It is much more difficult for older workers to prevail in federal discrimination lawsuits than for victims of race, sex, national origin, color and religion.
As Shakespeare said: “If you prick us, do we not bleed?”
The Age Discrimination in Employment Act (ADEA), 29 U.S.C. §§ 621 et seq., makes it “unlawful for an employer . . . to discharge any individual . . . because of such individual’s age. Id. at § 623(a).” The ADEA covers employees who are age 40 and older.
To prevail on an ADEA claim, however, the U.S. Supreme Court says a plaintiff must establish that “that age was the ‘but-for’ cause of the employer’s adverse action.” Gross v. FBL Fin. Servs., Inc., 129 S.Ct. 2343, 2351 (2009).
In other words, the ADEA plaintiff must show that but for age discrimination, the employer would not have made the adverse job decision (i.e. demotion or dismissal)..
This is a far higher standard than required in Title VII of the Civil Rights Act of 1964, which covers discrimination on the basis of sex, national origin, color and religion.
In Title VII lawsuits, it is sufficient for the plaintiff to show that discrimination was a “motivating factor” in the adverse job action. The Title VII plaintiff is not required to show that age was the determining factor.
Once the Title VII plaintiff shows that the employer’s motivation included unlawful discrimination, the burden of persuasion shifts to the employer to prove that it would have taken the same employment action for a legitimate reason in the absence of discrimination.
The burden does not ever shift from the plaintiff to the employer in an ADEA case.
There has been discussion – but no action – in the U.S. Congress to adopt new legislation to establish the same causation theory for the ADEA that exists with respect to Title VII but so far nothing has happened except that older workers continue to lose lawsuits where they have shown they were victims of gross age discrimination.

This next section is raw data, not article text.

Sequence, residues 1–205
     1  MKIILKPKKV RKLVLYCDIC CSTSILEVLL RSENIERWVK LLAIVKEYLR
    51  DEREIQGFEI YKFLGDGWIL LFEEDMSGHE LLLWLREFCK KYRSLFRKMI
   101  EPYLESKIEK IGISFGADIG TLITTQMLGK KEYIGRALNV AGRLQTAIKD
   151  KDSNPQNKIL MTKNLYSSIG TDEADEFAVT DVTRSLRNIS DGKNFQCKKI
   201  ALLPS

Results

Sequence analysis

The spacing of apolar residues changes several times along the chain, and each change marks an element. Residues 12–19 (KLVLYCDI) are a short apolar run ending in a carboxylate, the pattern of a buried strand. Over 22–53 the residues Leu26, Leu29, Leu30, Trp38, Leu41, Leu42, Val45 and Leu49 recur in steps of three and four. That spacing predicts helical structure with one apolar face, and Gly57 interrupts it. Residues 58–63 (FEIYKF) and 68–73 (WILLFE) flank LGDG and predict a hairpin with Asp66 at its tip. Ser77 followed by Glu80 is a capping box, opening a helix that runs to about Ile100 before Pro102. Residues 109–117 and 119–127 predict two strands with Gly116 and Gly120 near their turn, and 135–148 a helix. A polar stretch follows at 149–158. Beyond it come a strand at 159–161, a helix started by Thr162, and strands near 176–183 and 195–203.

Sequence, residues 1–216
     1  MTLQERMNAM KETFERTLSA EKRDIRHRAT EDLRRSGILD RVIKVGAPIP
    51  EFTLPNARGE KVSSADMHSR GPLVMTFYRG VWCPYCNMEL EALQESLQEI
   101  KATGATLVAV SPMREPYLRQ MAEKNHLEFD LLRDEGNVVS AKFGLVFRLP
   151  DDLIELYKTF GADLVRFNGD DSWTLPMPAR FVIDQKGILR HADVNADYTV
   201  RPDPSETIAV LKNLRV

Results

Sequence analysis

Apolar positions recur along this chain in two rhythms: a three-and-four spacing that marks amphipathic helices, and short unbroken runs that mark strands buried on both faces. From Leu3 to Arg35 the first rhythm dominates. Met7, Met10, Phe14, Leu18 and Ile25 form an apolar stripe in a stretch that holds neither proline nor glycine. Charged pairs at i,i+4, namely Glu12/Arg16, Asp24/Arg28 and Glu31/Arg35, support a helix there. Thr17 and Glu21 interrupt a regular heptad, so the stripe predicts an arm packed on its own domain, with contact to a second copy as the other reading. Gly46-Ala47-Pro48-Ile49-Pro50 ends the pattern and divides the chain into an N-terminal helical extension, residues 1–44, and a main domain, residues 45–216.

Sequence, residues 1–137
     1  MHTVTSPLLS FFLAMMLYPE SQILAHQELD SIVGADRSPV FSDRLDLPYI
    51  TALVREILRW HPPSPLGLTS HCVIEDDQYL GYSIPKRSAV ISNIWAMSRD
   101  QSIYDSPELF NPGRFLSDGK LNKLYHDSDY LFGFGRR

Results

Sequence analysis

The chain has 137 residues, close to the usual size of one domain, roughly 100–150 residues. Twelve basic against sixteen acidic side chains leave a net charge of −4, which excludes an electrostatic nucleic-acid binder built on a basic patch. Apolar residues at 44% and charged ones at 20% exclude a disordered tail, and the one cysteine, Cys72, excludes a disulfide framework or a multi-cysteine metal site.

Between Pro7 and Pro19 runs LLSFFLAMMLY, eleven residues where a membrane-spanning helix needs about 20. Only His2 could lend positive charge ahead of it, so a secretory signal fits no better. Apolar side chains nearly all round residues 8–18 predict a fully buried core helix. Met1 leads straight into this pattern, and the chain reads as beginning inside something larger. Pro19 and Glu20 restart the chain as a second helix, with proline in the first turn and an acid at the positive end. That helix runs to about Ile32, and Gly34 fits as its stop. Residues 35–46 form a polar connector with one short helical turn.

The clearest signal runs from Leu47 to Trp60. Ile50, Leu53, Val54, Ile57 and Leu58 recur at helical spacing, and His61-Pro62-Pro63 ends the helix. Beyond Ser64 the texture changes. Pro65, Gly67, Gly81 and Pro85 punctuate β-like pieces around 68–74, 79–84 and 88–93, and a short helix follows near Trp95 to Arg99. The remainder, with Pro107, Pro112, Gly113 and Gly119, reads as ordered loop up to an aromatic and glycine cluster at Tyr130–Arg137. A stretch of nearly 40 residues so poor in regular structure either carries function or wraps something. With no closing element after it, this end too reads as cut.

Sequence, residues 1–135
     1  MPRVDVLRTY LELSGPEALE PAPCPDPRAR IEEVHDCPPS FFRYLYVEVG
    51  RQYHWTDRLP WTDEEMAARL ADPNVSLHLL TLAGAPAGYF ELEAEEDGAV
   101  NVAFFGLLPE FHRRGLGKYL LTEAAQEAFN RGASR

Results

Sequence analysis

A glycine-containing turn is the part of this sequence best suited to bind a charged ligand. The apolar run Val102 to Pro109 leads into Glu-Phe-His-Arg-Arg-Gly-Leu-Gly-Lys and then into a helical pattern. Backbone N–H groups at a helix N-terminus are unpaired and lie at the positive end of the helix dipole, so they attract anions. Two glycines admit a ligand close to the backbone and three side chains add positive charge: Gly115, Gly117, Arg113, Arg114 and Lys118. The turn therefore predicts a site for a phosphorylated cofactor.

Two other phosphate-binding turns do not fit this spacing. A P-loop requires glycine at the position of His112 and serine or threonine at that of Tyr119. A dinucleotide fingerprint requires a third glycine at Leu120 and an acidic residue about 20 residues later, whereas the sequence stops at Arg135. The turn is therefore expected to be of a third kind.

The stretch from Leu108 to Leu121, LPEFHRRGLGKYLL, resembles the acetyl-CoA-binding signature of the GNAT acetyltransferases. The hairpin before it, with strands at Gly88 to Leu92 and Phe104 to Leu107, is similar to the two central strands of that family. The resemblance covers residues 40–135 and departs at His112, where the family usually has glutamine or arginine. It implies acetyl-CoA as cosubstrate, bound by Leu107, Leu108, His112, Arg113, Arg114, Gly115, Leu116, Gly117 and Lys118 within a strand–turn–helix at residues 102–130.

By holding ADEA plaintiffs to a much higher standard than other discrimination victims, the U.S. Congress and the U.S. Supreme Court seem to be saying that age discrimination is somehow less harmful than other types of discrimination. But where is the evidence for that?
Age discrimination is possibly more insidious today than it has been at any other time in history. When older workers lose their job today, they may never find another job, let alone another job that is comparable to the one they lost. Many hurtle toward their retirement years unprepared, without sufficient funds or even health insurance.
According to a recent study by the Pew Charitable Trust, more than 42 percent of unemployed workers older than 55 had been out of work for at least a year in the fourth quarter of 2011 — the highest percentage of any age category. Only 21 percent of people under 25 are long-term unemployed. That number rises to 29 percent for ages 25-34; 36 percent for ages 35-44; and 39 percent for ages 45-54.
It’s no picnic for many older workers who remain employed either. They may be “stuck” in bad jobs. Employers know that older workers will find it difficult – if not impossible – to prevail in age discrimination lawsuits. And they know that older workers can’t afford to quit and face the risk of chronic unemployment. This situation does not provide any incentive for employers to treat older workers with respect and dignity.
Not surprisingly, the number of age discrimination complaints filed with the Equal Employment Opportunity Commission has more than doubled in the past decade, to a total of 23,465 in 2011.
The real tragedy in all of this is the sense that many older workers – who have spent a lifetime paying taxes and being good citizens — are denied equal protection by the very democratic institutions that are charged with insuring equal protection for all.